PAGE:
Service members and their families can use Space-Available flights – formally known as Military Airlift Command or MAC flights – to travel around the country and world at little to no cost. Though sometimes unpredictable, military flights are perfect for families with flexible plans and limited travel budgets. With the right planning and documentation, Space-A travel can be the best way to take a trip with your family.


These flights are not commercial, but rather military flights with a mission. That means there are certain restrictions to travel, including:



AMC has a travel page that includes the following important information about Space-A travel. You should review this travel page for up-to-date information, including what type of identification is required for you and your family, baggage allowance for checked and hand carried baggage, and prohibited items.


If Space-A travel isn't right for your plans, take advantage of TSA Precheck to expedite your time at the airport when flying commercial. Use your Department of Defense ID as your known traveler number.

You'll bypass long security lines without removing your shoes or jacket or taking your laptop from your bag. Family members under the age of 12 can pass through expedited screening with you.

– Military One Source


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Military families move quite a bit. The upheaval created by a PCS (permanent change of station) is stressful for most families to navigate, but for families of children with special needs, it can mean an interruption of services that can take months to overcome. As an occupational therapist, when I explain different types of OT available, I find that families are often left in the dark. Parents may think their child is receiving the appropriate therapy because they are getting occupational therapy (OT), but it may be in a setting that is not right for their child. In most situations, a child will have two types of OT available: school-based OT and clinic-based OT. It's important to know the difference.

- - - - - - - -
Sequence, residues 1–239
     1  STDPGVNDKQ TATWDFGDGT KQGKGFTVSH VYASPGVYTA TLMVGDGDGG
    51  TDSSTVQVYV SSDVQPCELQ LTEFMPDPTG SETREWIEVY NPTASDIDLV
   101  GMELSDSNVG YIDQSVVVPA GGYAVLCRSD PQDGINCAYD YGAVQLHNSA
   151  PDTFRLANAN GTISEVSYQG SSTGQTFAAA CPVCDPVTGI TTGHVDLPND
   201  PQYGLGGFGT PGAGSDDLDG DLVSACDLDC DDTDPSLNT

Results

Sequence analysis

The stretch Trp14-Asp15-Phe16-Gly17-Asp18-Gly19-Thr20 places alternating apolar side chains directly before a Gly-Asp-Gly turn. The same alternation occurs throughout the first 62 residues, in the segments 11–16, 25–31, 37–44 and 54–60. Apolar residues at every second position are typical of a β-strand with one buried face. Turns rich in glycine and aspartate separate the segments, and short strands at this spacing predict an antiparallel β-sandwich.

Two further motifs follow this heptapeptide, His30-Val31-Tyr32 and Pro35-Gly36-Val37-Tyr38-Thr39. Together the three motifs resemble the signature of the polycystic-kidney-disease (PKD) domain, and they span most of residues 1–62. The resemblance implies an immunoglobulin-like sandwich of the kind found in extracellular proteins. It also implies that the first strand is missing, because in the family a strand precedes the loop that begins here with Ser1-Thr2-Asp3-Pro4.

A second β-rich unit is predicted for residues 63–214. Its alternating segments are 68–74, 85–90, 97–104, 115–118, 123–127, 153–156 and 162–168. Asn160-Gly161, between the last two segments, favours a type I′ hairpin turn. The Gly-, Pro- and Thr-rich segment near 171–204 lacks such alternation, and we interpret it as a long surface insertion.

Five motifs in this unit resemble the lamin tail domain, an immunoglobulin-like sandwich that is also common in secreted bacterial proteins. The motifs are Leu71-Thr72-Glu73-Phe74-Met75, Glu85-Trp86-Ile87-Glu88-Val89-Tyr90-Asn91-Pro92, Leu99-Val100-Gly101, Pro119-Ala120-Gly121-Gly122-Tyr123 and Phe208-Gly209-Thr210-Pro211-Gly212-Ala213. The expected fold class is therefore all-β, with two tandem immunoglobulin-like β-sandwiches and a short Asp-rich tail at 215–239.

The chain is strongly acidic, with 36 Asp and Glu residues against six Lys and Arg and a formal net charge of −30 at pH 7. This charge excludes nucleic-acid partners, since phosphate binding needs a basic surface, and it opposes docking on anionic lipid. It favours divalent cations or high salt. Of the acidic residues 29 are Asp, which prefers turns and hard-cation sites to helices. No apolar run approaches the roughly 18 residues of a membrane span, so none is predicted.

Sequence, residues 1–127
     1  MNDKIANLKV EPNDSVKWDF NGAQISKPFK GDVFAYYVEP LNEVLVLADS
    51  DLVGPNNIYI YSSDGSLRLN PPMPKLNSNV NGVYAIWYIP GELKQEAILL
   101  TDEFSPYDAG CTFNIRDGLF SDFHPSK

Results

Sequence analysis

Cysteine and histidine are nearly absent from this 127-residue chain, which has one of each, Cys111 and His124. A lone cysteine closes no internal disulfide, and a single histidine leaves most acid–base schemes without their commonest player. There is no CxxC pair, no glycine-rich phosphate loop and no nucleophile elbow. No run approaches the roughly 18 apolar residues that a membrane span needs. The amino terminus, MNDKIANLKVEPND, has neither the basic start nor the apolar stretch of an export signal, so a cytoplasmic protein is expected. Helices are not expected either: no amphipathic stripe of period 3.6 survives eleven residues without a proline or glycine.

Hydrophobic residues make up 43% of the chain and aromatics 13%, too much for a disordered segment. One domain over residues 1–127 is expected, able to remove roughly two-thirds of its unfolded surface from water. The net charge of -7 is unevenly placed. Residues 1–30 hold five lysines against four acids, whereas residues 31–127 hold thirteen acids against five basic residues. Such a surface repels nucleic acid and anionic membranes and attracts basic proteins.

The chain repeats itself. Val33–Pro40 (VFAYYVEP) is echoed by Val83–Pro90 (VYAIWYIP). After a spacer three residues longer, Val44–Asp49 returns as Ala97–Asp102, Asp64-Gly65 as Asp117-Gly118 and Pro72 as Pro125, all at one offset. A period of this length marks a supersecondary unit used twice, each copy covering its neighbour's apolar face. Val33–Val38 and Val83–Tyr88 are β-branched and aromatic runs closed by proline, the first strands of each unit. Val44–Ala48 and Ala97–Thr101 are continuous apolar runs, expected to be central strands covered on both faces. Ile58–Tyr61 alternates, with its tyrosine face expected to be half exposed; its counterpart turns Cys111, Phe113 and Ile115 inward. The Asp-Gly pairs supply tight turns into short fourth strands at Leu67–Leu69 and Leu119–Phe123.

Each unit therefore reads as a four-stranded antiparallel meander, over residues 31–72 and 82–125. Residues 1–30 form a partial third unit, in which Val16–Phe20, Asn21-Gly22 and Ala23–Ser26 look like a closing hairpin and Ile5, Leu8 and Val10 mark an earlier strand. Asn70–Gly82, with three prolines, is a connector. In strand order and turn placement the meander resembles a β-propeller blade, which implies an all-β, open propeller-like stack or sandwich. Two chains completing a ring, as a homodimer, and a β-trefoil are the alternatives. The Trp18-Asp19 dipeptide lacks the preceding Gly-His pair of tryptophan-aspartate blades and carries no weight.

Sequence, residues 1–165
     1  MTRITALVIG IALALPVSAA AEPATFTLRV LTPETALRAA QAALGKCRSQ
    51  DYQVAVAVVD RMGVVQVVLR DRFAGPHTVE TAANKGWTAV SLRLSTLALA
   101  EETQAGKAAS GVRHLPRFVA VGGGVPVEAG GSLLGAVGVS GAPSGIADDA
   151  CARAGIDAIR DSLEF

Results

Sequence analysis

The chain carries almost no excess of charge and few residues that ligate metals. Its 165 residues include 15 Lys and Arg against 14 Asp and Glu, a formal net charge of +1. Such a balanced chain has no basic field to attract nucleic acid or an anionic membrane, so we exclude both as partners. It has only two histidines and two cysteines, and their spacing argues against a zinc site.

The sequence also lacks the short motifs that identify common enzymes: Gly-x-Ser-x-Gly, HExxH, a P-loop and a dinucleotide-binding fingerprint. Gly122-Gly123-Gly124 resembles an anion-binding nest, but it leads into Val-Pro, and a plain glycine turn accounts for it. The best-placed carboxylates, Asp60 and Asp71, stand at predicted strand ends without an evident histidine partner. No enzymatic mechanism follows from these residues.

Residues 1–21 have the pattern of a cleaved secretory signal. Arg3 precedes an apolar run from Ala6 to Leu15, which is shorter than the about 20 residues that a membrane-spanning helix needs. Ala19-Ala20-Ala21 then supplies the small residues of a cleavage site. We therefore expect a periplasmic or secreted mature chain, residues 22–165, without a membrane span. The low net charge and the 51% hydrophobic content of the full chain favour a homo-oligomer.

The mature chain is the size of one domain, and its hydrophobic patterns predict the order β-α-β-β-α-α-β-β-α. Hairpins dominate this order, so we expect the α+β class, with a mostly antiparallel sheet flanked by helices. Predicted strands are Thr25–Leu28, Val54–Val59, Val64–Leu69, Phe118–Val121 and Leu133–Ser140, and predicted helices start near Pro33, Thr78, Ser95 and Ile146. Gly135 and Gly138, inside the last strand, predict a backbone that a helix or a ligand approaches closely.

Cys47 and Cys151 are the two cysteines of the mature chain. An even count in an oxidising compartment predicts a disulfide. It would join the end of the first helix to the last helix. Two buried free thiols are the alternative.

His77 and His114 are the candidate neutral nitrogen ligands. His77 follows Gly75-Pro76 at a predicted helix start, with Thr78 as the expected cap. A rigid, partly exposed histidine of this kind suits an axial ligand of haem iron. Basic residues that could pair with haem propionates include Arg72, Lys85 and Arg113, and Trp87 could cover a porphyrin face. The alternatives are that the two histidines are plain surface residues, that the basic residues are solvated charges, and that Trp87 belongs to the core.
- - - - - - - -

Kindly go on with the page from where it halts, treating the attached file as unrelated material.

School-based OT is offered as a result of the Individuals with Disabilities Educational Act, mandating that schools offer free and appropriate services to student who qualify for them. Because this type of OT is tied to the school setting, it is required to address concerns affecting a student's academic performance. That usually boils down to reading and writing, but could possibly include sensory and behavioral issues that affect a child's academic participation. Occupational therapists in schools might have caseloads of up to one hundred children or more, sometimes spread out over several schools. Your child may only be receiving 30 minutes of therapy per week, or possibly less, and that therapy might be in a group setting. It's a good idea to ask questions regarding how much therapy your child is receiving, and when, at their IEP meetings.

OT services can also be received in clinic-based therapy. This type of therapy must be prescribed by your child's doctor and you must have a referral from Tricare, if that is the insurance your child has. If your child is participating in outpatient, clinic-based services, you might want to consider whether the clinic is affiliated with a hospital or not. If your child has medically-complicated conditions, a hospital-based clinic may have more therapists with greater experience in specific medical diagnoses. If you would like your child's OT to address sensory and behavioral issues that affect your family, if might be helpful to tour a few clinics in the area before choosing one. Ideally, you are looking for one with a sensory-based therapy area that allows for lots of movement. Small rooms with desks, rooms that appear like school to a child, might not afford them many opportunities to address sensory and behavioral goals. Even if your child is working specifically on fine-motor coordination goals, those goals are often addressed with large motor movements and sensory equipment.

Most important, ask questions of the occupational therapist to whom you are referred. Do they have experience with children like yours? What kind of progress can you expect to see and when? What is their approach and can they explain it in layman's terms, so that you can explain it to your spouse when they aren't able to make your child's appointments? All these factors are just part of the larger picture of decision-making that special needs military parents go through with every PCS. The more quickly questions are answered to your satisfaction, the sooner your child can return to their regular routine and continue their progress.•


THE RIGHT STUFF?: Parents may think their child is receiving the appropriate therapy because they are getting occupational therapy (OT), but it may be in a setting that is not right for their child.


Robin Abbott, MS, OTR/L is an occupational therapist with 12 years' experience working with families and children with autism, ADHD, SPD and Down Syndrome. Her practice is a theoretically-based, structured framework of auditory and vestibular activities to promote better sensory integration. She is currently works as a Rehab Liaison in Davenport, IA. She can be reached through her website,